Causes of Dry Mouth and Top Remedies

Dry mouth, medically referred to as Xerostomia, occurs when you have insufficient saliva or spit in your mouth. Almost everyone has a dry mouth once in awhile, especially when feeling stressed, upset, or nervous. But if you have a dry mouth most or all the time, it can be an uncomfortable indicator that you have an underlying disease or condition, so it’s important that you see your dentist.
causes of dry mouthDry mouth can make it difficult to chew, swallow, and speak, and may even alter the taste of your food. It may also result in hoarseness, sore throat, and bad breath.

Are you at risk for dry mouth?

Although older people are more susceptible to dry mouth, the condition can affect people of any age. Dry mouth is not a standard consequence of aging; rather, older people are more likely to take multiple medications that cause dry mouth.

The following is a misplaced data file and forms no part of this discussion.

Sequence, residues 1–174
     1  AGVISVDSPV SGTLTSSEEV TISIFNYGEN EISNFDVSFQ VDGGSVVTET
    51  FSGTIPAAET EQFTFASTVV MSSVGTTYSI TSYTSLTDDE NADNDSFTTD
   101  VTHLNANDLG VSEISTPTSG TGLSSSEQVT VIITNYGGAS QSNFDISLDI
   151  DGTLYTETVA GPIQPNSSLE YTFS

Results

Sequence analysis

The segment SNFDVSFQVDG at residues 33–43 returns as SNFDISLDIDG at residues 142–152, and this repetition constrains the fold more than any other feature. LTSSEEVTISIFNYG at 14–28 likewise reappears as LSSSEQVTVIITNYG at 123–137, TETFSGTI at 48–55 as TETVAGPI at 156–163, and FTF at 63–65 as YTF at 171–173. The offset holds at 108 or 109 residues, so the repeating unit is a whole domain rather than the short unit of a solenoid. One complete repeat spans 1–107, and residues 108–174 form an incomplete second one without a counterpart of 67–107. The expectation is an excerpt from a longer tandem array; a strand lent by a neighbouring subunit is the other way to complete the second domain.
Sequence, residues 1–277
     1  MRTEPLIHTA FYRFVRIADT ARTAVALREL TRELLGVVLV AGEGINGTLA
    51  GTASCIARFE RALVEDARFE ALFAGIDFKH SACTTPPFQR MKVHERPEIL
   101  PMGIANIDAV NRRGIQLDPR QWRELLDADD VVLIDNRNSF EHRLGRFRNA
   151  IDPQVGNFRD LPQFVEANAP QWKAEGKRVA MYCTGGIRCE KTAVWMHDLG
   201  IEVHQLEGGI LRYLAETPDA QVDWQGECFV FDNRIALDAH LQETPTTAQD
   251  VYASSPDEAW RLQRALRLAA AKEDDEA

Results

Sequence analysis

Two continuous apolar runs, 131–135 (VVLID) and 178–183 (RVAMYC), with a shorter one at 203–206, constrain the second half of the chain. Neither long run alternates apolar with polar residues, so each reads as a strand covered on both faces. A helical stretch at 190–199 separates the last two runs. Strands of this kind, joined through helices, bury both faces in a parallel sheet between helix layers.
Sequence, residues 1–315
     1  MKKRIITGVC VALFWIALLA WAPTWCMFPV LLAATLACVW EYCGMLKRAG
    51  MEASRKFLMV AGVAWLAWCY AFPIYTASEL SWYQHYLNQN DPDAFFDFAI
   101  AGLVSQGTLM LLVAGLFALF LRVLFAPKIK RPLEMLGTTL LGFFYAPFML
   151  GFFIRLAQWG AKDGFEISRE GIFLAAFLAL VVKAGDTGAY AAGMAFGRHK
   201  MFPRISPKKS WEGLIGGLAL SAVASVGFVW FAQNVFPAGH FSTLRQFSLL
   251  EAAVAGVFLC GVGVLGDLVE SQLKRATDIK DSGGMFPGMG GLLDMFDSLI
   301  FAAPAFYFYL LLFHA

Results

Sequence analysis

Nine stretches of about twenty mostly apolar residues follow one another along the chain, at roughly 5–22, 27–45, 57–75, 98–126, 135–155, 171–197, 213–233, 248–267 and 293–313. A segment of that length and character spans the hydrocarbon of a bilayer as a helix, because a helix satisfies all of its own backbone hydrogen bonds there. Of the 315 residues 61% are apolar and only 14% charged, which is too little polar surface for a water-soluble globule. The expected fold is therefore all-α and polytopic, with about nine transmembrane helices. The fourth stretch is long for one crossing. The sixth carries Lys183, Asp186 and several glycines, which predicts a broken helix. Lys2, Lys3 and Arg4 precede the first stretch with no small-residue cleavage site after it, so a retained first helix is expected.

A recent report on Oral Health in America suggests that dry mouth is a side effect of over 400 over-the-counter drugs and prescriptions, such as antihistamines, antidepressants, high blood pressure medicines, and muscle relaxants.

Other causes of dry mouth include:


  • Hormone changes – like those that occur during menopause or pregnancy
  • Cancer treatments – like chemotherapy and radiation of the head/neck
  • Health problems – like diabetes, HIV/AIDS, and Sjogren’s syndrome
  • Nerve damage – trauma to the head or neck can damage the nerves connected to the salivary glands
  • Snoring or breathing with your mouth open


Why is saliva important?


  • Saliva is produced by the salivary glands in the mouth, and include lubricants and enzymes. The enzymes help to digest food, whereas the lubricants make chewing, swallowing, and speaking more comfortable.